March 31, 2003

Miranda in a Daylight Tub

35mm infrared film
About two months ago, I learned that a co-worker of mine had a bathroom with a claw-footed bathtub below a window. Thinking back to the bathroom sessions in the fall of 2001, I immediately asked if it might be possible to work with a model in the space. My friend said it wouldn't be a problem, and when I asked Miranda if she had time to model, she was immediately keen. But as these things go, it was more then six weeks later before the three schedules came together to permit me to access the space.

The space turned out to be very different from what I'd envisioned - there was a perfectly positioned window above the tub, but it was too high up to give the reflections I'd hoped for in the water. The light coming in the window was absolutely beautiful, however, so I began the session with her standing in the tub; the late afternoon light raked across Miranda's torso giving a wonderful glow from behind. We had a translucent cloth in place of a shower curtain and the first images of the session were made using that as a foil. This is atypical of my work in two ways; first, the model using an element of the environment as a "prop" is uncommon and second, the images were more "romantic" in feel then my usual work. I am not sure where this approach is heading, but I do know I like the initial experiments, and plan to continue to push the approach.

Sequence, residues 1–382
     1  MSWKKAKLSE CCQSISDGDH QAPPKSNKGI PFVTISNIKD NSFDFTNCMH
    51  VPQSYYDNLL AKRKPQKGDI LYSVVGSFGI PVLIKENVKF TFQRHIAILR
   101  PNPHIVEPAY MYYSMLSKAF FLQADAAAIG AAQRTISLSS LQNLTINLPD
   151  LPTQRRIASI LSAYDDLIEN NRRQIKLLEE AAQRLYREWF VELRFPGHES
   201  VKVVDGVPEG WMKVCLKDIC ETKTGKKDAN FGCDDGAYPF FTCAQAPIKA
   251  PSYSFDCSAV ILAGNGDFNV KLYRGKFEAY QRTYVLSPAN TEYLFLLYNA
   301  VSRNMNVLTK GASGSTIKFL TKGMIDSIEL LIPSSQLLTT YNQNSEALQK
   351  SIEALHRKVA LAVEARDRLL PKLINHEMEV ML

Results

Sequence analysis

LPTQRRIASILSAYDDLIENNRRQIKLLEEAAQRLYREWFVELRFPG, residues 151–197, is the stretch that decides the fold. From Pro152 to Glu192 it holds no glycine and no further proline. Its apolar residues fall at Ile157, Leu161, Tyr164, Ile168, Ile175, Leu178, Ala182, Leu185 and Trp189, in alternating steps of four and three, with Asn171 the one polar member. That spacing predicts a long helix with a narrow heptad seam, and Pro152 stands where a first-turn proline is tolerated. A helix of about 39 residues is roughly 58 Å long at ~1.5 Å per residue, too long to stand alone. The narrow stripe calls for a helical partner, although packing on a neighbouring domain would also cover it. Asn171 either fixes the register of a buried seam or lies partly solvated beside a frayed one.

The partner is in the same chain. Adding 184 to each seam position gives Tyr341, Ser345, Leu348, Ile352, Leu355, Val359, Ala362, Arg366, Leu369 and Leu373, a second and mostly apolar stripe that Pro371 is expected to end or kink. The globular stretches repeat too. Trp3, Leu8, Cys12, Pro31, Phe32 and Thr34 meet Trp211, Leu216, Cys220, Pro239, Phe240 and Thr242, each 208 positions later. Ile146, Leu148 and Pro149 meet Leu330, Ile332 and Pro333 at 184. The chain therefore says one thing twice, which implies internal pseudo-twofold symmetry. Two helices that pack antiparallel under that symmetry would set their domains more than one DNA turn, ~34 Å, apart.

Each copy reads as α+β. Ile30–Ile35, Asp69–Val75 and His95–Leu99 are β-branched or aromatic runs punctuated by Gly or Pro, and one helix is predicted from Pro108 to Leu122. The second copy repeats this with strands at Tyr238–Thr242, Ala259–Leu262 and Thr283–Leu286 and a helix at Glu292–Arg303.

35mm infrared film
Once we'd finished working with the window and curtain, we filled the bath and I started to work with Miranda in the bathtub proper. I had hoped that the window could be reflected in the water, to give some highlight and form to the figure in the water, but apart from photographing from directly above, there was almost no way to see the window in the water. As a result, much of the water imagery was top-down, limiting some of the possibilities that I'd anticipated.
35mm infrared film
In the end, the bathroom session yielded a number of very striking images, despite the space differing from my expectation and an equipment glitch. I had hoped to work with both 35mm infra-red film and my 8"x10" camera but a crucial part of the view camera was left behind, so I had only the smaller camera. The session didn't suffer for the minimalist approach, but I would like to return to the space with the 8"x10" to see what images could be made.

(On a historical note, this was my last session using infrared film, as I set aside 35mm cameras when i began using Digital SLRs in April 2003; I would eventually return to working with infrared light in 2005).

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